Monitoring Progress for Children with Hearing Loss Purpose This study investigated average hours of daily hearing aid use and speech-language outcomes for children age 3 to 6 years of age with hearing loss. Method Objective measures of hearing aid use were collected via data logging. Speech and language measures included standardized measures GFTA-2, CELF Preschool-2 ... Article
Article  |   September 01, 2014
Monitoring Progress for Children with Hearing Loss
Author Affiliations & Notes
  • Monica Weston
    Utah State University, Logan, UT
  • Karen F. Muñoz
    Utah State University, Logan, UT
  • Kristina Blaiser
    Utah State University, Logan, UT
  • Disclosure: Financial: Monica Weston, Karen F. Muñoz, and Kristina Blaiser have no financial interests to disclose.
    Disclosure: Financial: Monica Weston, Karen F. Muñoz, and Kristina Blaiser have no financial interests to disclose.×
  • Nonfinancial: Monica Weston, Karen F. Muñoz, and Kristina Blaiser have no nonfinancial interests to disclose.
    Nonfinancial: Monica Weston, Karen F. Muñoz, and Kristina Blaiser have no nonfinancial interests to disclose.×
Article Information
Development / Hearing Disorders / Hearing Aids, Cochlear Implants & Assistive Technology / School-Based Settings / Articles
Article   |   September 01, 2014
Monitoring Progress for Children with Hearing Loss
SIG 9 Perspectives on Hearing and Hearing Disorders in Childhood, September 2014, Vol. 24, 74-81. doi:10.1044/hhdc24.2.74
SIG 9 Perspectives on Hearing and Hearing Disorders in Childhood, September 2014, Vol. 24, 74-81. doi:10.1044/hhdc24.2.74

Purpose This study investigated average hours of daily hearing aid use and speech-language outcomes for children age 3 to 6 years of age with hearing loss.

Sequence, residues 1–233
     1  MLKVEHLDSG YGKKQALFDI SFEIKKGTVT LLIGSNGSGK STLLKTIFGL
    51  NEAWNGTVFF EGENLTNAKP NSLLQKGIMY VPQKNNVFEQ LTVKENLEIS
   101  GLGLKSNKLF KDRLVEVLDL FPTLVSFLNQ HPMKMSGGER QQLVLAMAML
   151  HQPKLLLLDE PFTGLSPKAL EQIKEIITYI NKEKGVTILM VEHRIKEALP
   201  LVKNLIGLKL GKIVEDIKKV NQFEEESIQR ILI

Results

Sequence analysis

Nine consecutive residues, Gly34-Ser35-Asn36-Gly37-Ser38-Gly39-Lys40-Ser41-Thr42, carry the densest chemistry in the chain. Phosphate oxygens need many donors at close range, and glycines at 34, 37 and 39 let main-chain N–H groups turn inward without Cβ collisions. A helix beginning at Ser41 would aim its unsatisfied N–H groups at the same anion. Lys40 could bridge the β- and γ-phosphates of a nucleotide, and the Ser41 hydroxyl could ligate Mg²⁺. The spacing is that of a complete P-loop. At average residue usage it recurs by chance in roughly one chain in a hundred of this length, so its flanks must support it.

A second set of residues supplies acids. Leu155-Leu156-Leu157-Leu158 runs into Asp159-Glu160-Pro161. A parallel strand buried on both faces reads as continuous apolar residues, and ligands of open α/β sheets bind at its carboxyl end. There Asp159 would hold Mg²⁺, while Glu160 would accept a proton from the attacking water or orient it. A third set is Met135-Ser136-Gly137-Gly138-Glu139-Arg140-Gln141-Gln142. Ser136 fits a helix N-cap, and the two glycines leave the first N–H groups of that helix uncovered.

Method Objective measures of hearing aid use were collected via data logging. Speech and language measures included standardized measures GFTA-2, CELF Preschool-2 and additional item analyses for the word structure subtest CELF Preschool-2 and the GFTA-2.

Results Hearing aid use was full time for 33% of the children (n=3; M=8.84 hours; Range: 2.9–12.1) at the beginning of the study, and for 78% at the end of the study (n=7; M=9.89 hours; Range 2.6–13.2). All participants demonstrated an improvement in articulation and language standard scores and percentiles however continued to demonstrate areas of weakness in sounds high-frequency in nature.

Conclusions Through early identification and fitting, children gain access to speech sounds. Both standardized measures and individual language analysis should be used to identify and support children with hearing loss in language and subsequent literacy development.

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